# Page:Das Relativitätsprinzip und seine Anwendung.djvu/11

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In this way, one is led to the following equations (which are in agreement with those of ordinary Maxwellian theory):

${\displaystyle {\begin{array}{l}\operatorname {div} \ {\mathfrak {D}}=\varrho _{l}{,}\\\operatorname {div} \ {\mathfrak {B}}=0{,}\\\operatorname {rot} \ {\mathfrak {H}}={\frac {1}{c}}({\mathfrak {C}}+{\mathfrak {\dot {D}}}){,}\\\operatorname {rot} \ {\mathfrak {E}}=-{\frac {1}{c}}{\mathfrak {\dot {B}}}.\end{array}}}$

Herein, ${\displaystyle {\mathfrak {D}}}$ is the dielectric displacement, ${\displaystyle {\mathfrak {B}}}$ the magnetic induction, ${\displaystyle {\mathfrak {H}}}$ the magnetic force, ${\displaystyle {\mathfrak {E}}}$ the electric force, ${\displaystyle {\mathfrak {C}}}$ the electric current, ${\displaystyle \varrho _{l}}$ the density of the observable electric charges. If one indicates the average formation by overlines, then it is e.g.

${\displaystyle {\mathfrak {E}}={\mathfrak {\bar {d}}},{\mathfrak {B}}={\mathfrak {\bar {h}}}{,}}$

where ${\displaystyle {\mathfrak {d}}}$, ${\displaystyle {\mathfrak {h}}}$ have the earlier meaning; furthermore it is

${\displaystyle {\begin{array}{l}{\mathfrak {D}}={\mathfrak {E}}+{\mathfrak {P}}{,}\\{\mathfrak {H}}={\mathfrak {B}}-{\mathfrak {M}}-{\frac {1}{c}}[{\mathfrak {P}}\cdot {\mathfrak {w}}]{,}\end{array}}}$

where ${\displaystyle {\mathfrak {P}}}$ is the electric moment, ${\displaystyle {\mathfrak {M}}}$ the magnetization per unit volume, and ${\displaystyle {\mathfrak {w}}}$ the velocity of matter. In the derivation of these formulas, one separates the electrons into three kinds. The first kind, the polarization electrons, produce the electric moment ${\displaystyle {\mathfrak {P}}}$ by their displacement; the second kind, the magnetization electrons, produce the magnetic moment ${\displaystyle {\mathfrak {M}}}$ by their orbits; the third kind, the conduction electrons, are freely moving in matter and produce the observable charge density ${\displaystyle \varrho _{l}}$ and the current ${\displaystyle {\mathfrak {C}}}$. The latter is still to be separated into two parts; if ${\displaystyle {\mathfrak {u}}}$ is the relative velocity of the electrons towards matter, then the total velocity of the electrons is ${\displaystyle {\mathfrak {v}}={\mathfrak {w}}+{\mathfrak {u}}}$, thus the current transported by them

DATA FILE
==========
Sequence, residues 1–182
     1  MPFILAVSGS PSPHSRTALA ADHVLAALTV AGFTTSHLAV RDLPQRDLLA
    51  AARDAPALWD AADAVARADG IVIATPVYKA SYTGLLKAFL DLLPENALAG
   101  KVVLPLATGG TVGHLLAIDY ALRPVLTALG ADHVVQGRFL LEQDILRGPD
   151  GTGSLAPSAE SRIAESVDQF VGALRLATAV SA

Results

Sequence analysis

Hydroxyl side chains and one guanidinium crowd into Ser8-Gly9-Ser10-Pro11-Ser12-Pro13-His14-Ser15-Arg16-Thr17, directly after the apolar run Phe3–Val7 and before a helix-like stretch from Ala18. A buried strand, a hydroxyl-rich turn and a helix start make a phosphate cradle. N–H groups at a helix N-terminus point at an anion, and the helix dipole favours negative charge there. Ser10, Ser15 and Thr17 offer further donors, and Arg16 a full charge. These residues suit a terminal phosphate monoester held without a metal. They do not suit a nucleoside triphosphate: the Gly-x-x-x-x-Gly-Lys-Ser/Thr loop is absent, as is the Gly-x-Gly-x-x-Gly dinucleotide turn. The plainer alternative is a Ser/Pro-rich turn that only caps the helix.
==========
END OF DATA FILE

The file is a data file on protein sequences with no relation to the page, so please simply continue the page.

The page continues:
${\displaystyle {\mathfrak {C}}={\overline {\varrho {\mathfrak {v}}}}=\varrho {\mathfrak {w}}+{\overline {\varrho {\mathfrak {u}}}}}$;

${\displaystyle {\bar {\varrho }}}$ is the observable charge ${\displaystyle \varrho _{l}}$, \${\displaystyle bar{\varrho }{\mathfrak {w}}}$ the convection current, ${\displaystyle {\overline {\varrho {\mathfrak {u}}}}}$ the actual conduction current ${\displaystyle {\mathfrak {C}}_{l}}$.

Transformation formulas exist for all these magnitudes, of which some may be given:

 ${\displaystyle {\mathfrak {C}}'_{x}={\mathfrak {C}}_{x},\ {\mathfrak {C}}'_{y}={\mathfrak {C}}_{y},\ {\mathfrak {C}}'_{z}=a{\mathfrak {C}}_{z}-bc\varrho _{l},\ \varrho '_{l}=a\varrho _{l}-{\frac {b}{c}}{\mathfrak {C}}_{z}{,}}$ ${\displaystyle {\begin{array}{l}{\mathfrak {P}}'_{x}=a{\mathfrak {P}}_{x}-{\frac {b}{c}}({\mathfrak {w}}_{z}{\mathfrak {P}}_{x}-{\mathfrak {w}}_{x}{\mathfrak {P}}_{z})+b{\mathfrak {M}}_{y}{,}\\{\mathfrak {P}}'_{y}=a{\mathfrak {P}}_{y}-{\frac {b}{c}}({\mathfrak {w}}_{z}{\mathfrak {P}}_{y}-{\mathfrak {w}}_{y}{\mathfrak {P}}_{z})-b{\mathfrak {M}}_{x}{,}\\{\mathfrak {P}}'_{z}={\mathfrak {P}}_{z}.\end{array}}}$